Of course, I did just that, going over Merola’s “sourced transcript” two and a half years ago in my original review of his movie. Be that as it may, notice the message being promoted. “Anti-Burzynski bloggers” are out there to keep you from being cured of cancer! They’re “preying on desperate cancer patients and families of cancer patients”! Why? Who knows? The best Merola can come up with is a variant of the Galileo Gambit, in which we skeptics apparently reflexively resist anything that’s different. It’s a common message among Burzynski supporters, having more recently shown up a Facebook post supporting McKenzie Lowe, whose parents were among those who successfully lobbied the FDA to allow a “compassionate use” exemption to let her receive antineoplastons, although the FDA did stipulate that it had to be a physician not associated with Burzynski administering the drug. In reality, if Burzynski had the goods, he could persuade us, which is why seeing Merola accuse us of “not being open to rational discourse” fried another one of my irony meters.
It’s not just Burzynski supporters, either. Antivaccine activists also believe that skeptics and supporters of SBM are out to get them. I don’t hide the fact that I sometimes amuse myself (and seek blogging material) by lurking in the comment sections after posts on antivaccine blogs. It doesn’t take much lurking in such corners of the blogosphere to discover that antivaccine activists really, really, really hate “science bloggers,” at least as much, if not more, than supporters of Burzynski. For example, take a look at some of the comments after this post on the antivaccine crank blog Age of Autism, epitomized by this one about “ScienceBloggers”:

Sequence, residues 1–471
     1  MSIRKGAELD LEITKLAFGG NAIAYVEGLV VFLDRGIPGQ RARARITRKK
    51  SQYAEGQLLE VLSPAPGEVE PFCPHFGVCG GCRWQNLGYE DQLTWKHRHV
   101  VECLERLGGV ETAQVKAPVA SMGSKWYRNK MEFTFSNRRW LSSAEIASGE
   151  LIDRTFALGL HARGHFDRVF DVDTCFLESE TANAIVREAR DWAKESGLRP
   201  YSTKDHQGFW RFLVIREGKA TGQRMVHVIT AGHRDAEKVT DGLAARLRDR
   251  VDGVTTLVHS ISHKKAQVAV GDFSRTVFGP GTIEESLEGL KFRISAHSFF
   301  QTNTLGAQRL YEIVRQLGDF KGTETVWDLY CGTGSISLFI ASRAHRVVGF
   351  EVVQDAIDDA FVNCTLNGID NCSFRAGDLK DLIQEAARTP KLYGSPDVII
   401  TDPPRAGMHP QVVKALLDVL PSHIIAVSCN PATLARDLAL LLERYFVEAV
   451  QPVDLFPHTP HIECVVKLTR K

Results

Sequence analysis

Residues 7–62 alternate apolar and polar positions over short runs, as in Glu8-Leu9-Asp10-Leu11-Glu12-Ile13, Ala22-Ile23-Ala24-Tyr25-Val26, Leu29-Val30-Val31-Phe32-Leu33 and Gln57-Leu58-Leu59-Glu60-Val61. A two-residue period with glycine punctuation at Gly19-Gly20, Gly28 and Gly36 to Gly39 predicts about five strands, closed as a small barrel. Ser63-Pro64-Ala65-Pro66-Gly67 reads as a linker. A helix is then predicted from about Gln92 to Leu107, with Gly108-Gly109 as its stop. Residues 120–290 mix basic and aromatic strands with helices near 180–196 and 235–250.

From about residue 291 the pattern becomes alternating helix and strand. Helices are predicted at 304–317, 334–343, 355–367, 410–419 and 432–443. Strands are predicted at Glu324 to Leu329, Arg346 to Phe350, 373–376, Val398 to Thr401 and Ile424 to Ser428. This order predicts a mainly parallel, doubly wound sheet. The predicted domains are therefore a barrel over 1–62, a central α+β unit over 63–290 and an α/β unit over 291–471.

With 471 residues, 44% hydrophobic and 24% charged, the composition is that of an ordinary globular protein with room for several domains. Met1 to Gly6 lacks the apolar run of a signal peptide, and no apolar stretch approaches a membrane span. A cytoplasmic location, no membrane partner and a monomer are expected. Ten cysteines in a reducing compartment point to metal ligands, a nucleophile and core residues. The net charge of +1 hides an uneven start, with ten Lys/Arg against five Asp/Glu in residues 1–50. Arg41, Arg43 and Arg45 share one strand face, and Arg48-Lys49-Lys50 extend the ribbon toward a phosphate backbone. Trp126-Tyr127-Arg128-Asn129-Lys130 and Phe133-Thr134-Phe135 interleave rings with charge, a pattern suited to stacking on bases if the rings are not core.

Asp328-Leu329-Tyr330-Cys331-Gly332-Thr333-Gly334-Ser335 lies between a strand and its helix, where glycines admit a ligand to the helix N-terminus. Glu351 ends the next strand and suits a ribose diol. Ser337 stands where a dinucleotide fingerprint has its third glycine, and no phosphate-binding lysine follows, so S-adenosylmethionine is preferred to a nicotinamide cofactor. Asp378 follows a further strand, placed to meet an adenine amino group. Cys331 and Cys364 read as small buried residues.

They really go so out of their way (mounting hate campaigns like “ditchJenny” etc. etc. and this is why I honestly doubt their “Oh we’re not paid shills,” claims. Real, open minded science people wouldn’t be so militant and many scientists/doctors actually disagree with them anyways! Someone mentioned that most of them are either young, impressionable types or older has-beens who get off on bashing others with social media. The more that I think about it, they’re above all, bullies, not pro-science people. I have several friends with MS and it makes me sick as to how they malign anything to do with CCSVI (when MS drugs have killed SOOO many more people than angioplasty ever will) – I believe 3 people have died due to angioplasty- mostly due to having been given stents which they don’t even put in veins anymore. There’s a jerky journalist in our town who actually uses “Science” blogs as his source of information to write on health topics which is really scary (and lazy). It is beyond pathetic that grown up people waste time trying to prop up the status quo in healthcare when it is so obvious that there are serious questions that need to be asked and answered to do with vaccines and questions also to issues of MS cause and treatment.